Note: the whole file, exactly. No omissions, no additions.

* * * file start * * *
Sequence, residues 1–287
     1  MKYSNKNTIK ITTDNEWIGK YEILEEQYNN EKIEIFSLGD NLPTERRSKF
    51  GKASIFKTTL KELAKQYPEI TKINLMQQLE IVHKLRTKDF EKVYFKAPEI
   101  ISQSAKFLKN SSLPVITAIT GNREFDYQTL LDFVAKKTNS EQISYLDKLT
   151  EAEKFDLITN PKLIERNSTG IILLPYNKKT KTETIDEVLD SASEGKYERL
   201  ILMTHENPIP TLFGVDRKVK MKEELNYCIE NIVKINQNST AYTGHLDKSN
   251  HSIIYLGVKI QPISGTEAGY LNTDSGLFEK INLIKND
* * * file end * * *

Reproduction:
Sequence, residues 1–287
     1  MKYSNKNTIK ITTDNEWIGK YEILEEQYNN EKIEIFSLGD NLPTERRSKF
    51  GKASIFKTTL KELAKQYPEI TKINLMQQLE IVHKLRTKDF EKVYFKAPEI
   101  ISQSAKFLKN SSLPVITAIT GNREFDYQTL LDFVAKKTNS EQISYLDKLT
   151  EAEKFDLITN PKLIERNSTG IILLPYNKKT KTETIDEVLD SASEGKYERL
   201  ILMTHENPIP TLFGVDRKVK MKEELNYCIE NIVKINQNST AYTGHLDKSN
   251  HSIIYLGVKI QPISGTEAGY LNTDSGLFEK INLIKND